“In the beginning was the Word, and the Word was with God, and the Word was God; The light was in the world, and the world came into being through the light, but the world didn’t recognize the light; The Word became flesh and made his home among us. We have seen his glory, glory like that of a father’s only son, full of grace and truth.”

Before anything else existed, there was Christ, with God.

Although He made the world, the world didn’t recognize Him when He came.

And Christ became a human being, lived here on earth among us, and was full of loving forgiveness and truth. And some of us have seen His glory — the glory of the only Son of the Heavenly Father.

Once a year as Advent approaches, there is hope of good tidings of great joy with peace on earth; and understanding, kindness and acceptance of others that may not be quite like ourselves, but children of God nonetheless.

As we kneel and pray, giving thanks for all our abundant blessings, we should remember that our Savior, Jesus the Christ-child born in a manger, has always been with God and will always be there for us.

God sent his Son to live among the people of the world, all of them, regardless of gender, station in life or any of the other lifestyles we view as wrong because it differs from what we call normal.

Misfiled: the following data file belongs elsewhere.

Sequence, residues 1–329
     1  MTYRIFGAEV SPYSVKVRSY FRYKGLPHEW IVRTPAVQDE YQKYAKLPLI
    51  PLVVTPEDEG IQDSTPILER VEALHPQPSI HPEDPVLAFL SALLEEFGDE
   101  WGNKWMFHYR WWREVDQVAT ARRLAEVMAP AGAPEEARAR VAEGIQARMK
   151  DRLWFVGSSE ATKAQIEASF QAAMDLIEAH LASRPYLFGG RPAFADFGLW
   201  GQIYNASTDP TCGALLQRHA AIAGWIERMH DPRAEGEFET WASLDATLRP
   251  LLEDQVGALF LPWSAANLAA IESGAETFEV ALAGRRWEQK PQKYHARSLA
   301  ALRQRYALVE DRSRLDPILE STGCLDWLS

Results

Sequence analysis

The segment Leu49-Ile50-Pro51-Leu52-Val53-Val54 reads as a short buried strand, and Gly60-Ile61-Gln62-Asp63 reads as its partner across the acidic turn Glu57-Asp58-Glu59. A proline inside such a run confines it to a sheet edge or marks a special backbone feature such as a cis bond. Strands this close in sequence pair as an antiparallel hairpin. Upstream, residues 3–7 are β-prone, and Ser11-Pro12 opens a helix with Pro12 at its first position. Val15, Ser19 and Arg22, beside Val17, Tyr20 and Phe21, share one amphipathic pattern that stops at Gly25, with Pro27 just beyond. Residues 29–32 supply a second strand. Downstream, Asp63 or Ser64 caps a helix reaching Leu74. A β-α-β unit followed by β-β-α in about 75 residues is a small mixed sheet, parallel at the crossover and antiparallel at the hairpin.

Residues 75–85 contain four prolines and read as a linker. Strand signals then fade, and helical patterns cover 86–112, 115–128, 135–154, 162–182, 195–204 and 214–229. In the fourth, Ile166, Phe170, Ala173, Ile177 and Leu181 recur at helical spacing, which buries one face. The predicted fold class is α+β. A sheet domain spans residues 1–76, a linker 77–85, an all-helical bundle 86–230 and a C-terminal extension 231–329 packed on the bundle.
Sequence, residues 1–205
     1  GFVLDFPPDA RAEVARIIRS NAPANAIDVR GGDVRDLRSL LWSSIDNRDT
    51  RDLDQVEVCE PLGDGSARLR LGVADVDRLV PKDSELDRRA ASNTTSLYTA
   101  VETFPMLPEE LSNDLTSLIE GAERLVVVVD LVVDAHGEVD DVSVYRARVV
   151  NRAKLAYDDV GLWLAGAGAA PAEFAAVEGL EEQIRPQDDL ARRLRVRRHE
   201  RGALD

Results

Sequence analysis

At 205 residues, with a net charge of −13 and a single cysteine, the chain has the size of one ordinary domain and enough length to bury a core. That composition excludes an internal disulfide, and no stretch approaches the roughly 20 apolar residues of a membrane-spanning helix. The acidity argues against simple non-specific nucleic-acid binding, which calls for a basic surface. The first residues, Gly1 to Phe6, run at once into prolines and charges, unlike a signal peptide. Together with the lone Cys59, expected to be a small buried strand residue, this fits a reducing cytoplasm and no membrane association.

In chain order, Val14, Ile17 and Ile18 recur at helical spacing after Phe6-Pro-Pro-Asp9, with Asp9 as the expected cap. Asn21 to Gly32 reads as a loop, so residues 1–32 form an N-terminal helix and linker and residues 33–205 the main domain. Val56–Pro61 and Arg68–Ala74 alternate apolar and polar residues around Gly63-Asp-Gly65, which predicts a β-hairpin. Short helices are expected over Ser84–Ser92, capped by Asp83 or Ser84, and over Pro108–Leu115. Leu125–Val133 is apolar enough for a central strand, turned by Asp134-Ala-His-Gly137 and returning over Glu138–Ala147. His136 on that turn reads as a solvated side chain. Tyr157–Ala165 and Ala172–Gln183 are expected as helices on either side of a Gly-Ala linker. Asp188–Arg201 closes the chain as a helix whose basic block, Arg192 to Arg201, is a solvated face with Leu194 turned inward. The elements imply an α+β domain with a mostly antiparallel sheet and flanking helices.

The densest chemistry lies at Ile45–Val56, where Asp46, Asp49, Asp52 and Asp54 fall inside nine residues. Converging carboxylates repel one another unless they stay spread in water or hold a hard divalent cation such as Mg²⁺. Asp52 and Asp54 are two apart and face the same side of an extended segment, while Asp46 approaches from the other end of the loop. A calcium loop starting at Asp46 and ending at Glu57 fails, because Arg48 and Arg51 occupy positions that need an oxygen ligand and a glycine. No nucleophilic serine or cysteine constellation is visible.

Lord, please give us an understanding and loving heart for one another, always. Keep us mindful that we only pass through this world for a short time. You have been and always will be with God. Amen.

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Daily Advent Devotions from Church Street UMC

Thursday, December 16

In Honor of Our Stephen Ministers

An UnMerry Christmas

Read Philippians 4:4

“The Lord is near. Do not be anxious about anything, but in everything, by prayer and petition, with thanksgiving, present your requests to God. And the peace of God, which transcends all understanding, will guard your hearts and your minds in Christ.”

Advent and Christmas are upon us — usually a time of excitement and celebration! But what if you aren’t feeling that way this year? The pandemic has affected all our lives. You may have lost a loved one; you may have had Covid yourself. Almost certainly, you have been separated from the people you love most. This year many of us are lonely and wondering how we can celebrate.

Even in December, everyone is vulnerable to all kinds of ordinary losses, and now we have added the danger and loneliness of Covid. These situations and feelings can’t help but spill over into the holidays. It’s unavoidable. For many people, this may be a sad Christmas. If you’re feeling blue instead of festive this year, what can you do?

  • Remember you are not the only one feeling this way.
  • If you are grieving, don’t hide or be ashamed. 
  • Treat yourself with kindness. Remember that you are okay.
  • Consider the reasons for your feelings; acknowledge them; accept them. 
  • Call upon the Lord in prayer; perhaps write down your feelings and your prayers.
  • If you are alone, observe the season in any way that feels right to you. 
  • If you will be separated from family members, think about how you might safely celebrate with them.
  • Ask for help. A Pastor or Stephen Minister will gladly listen and pray with you.